A Pottery Studio Niche Gamble

Everyone says niching down is the best thing you can do for your business. But how far down should you niche? After starting Signature.email and it going nowhere for a number of months, at one point I decided I should focus on the education market, and try to get schools, colleges, and universities to use it. I changed the home page and pricing to reflect that. Crickets. That’s when I realized I had no knowledge of how to contact decision makers at schools, colleges, and universities, and there wasn’t enough search volume on those keywords alone to make the business go. Only after I un-niched it, put some more effort into launching it properly, and gaining some helpful links, did it finally (slowly) start to take off.

So it might seem that niching down didn’t work. But fact forward to today, even on Signature.email I maintain several landing pages such as email signatures for realtors, email signatures for non profits, and yes, even email signatures for colleges and schools. And these are effective landing pages that bring in many visitors and generate leads for the tool.

This Spring, I began a new experiment in niching down. I started working on a new idea: pottery studio management software. Can you get much more niche and specific than that? It’s not even for all pottery studios, really just those that are member based, and allow people to come in and use the space, wheels, clay, and kilns in a community sort of way. I was surprised that studios like that have some specific challenges and needs when it comes to collecting firing fees, membership fees, selling supplies, and selling classes.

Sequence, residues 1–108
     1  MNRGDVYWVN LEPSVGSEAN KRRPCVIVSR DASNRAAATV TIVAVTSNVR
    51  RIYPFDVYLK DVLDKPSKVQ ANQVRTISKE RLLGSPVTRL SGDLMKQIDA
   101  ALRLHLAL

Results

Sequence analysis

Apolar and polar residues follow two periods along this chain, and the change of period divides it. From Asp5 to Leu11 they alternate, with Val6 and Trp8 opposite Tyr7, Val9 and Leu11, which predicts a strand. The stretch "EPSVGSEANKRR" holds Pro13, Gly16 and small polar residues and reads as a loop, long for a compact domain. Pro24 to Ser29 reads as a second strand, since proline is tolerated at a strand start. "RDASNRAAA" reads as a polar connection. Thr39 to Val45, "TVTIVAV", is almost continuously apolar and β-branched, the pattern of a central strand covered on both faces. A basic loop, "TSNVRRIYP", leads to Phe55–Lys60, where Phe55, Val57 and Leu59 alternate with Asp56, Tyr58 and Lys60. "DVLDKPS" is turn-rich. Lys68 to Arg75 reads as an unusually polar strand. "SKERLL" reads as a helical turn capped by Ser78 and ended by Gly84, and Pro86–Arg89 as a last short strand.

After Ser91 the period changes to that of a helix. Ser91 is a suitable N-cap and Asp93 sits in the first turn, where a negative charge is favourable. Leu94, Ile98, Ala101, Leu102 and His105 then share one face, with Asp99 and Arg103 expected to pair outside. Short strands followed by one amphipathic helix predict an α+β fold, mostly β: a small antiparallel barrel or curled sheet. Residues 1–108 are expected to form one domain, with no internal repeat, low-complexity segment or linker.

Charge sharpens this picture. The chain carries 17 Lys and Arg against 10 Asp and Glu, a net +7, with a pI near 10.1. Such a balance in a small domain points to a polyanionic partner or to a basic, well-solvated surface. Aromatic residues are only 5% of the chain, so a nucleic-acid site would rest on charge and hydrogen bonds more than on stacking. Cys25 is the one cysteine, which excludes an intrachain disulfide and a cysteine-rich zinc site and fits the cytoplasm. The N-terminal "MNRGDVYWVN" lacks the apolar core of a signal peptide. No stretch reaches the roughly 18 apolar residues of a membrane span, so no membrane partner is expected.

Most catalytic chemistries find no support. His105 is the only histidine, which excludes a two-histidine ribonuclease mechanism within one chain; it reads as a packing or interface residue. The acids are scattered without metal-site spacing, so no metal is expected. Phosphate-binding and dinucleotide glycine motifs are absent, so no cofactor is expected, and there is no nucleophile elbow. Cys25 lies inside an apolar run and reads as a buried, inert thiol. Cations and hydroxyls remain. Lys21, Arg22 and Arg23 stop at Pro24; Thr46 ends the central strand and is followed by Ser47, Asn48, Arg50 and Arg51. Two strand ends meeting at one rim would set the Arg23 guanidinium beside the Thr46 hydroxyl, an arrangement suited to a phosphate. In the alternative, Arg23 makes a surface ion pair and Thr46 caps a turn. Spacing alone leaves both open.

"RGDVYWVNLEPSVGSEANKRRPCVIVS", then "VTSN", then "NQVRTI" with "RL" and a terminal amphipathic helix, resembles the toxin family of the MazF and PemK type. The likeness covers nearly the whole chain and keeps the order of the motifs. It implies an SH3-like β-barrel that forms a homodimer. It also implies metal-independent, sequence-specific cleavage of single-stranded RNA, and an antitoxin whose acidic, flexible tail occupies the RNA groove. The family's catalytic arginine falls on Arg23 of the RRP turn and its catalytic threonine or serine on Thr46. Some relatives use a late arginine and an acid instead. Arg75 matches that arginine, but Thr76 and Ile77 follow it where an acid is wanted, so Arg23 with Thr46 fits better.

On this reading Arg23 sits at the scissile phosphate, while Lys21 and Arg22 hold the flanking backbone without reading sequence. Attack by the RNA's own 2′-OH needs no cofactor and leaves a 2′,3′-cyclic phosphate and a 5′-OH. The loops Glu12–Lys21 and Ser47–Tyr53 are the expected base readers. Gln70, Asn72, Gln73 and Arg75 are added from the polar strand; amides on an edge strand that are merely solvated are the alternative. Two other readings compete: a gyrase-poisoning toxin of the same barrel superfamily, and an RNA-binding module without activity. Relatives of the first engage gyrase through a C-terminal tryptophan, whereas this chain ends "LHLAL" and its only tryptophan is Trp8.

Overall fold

This is a big gamble, while I have one studio on board already, I’m still unsure if I can sell to more pottery studios. There are some major differences in how I am approaching this business and niche than the last niche experiment I did with Signature.email:

  1. I can see their pain: Almost every pottery studio website I visit has a page about firing fees, and how they collect them. I can tell they are all using a hodgepodge of different ways of solving this problem.
  2. I have talked to them: I have talked to a number of pottery studio owners over the past months and I believe they are hungry for a solution that will help make managing things at their studio easier.
  3. I know where to advertise: When you have a small niche, knowing where to contact them becomes infinitely easier. There are very specific websites, reddit groups, and facebook groups where they hang out and chat about their work.
  4. I know how to contact them: I have already collected a number of emails and contact information for US based studios, and I also have learned a lot about using LinkedIn and other sales based tools for getting the word out about a product.
  5. The price is higher: This tool’s price is higher than a few bucks a month. So that can justify some direct sales and time to demo the software for pottery studio owners and managers.

So was niching down a good idea? Only time will tell if this has been a good gamble or not! Now the next phase is to put the product out there and listen intently to the feedback that comes back my way and let that shape the product to stand out in the market.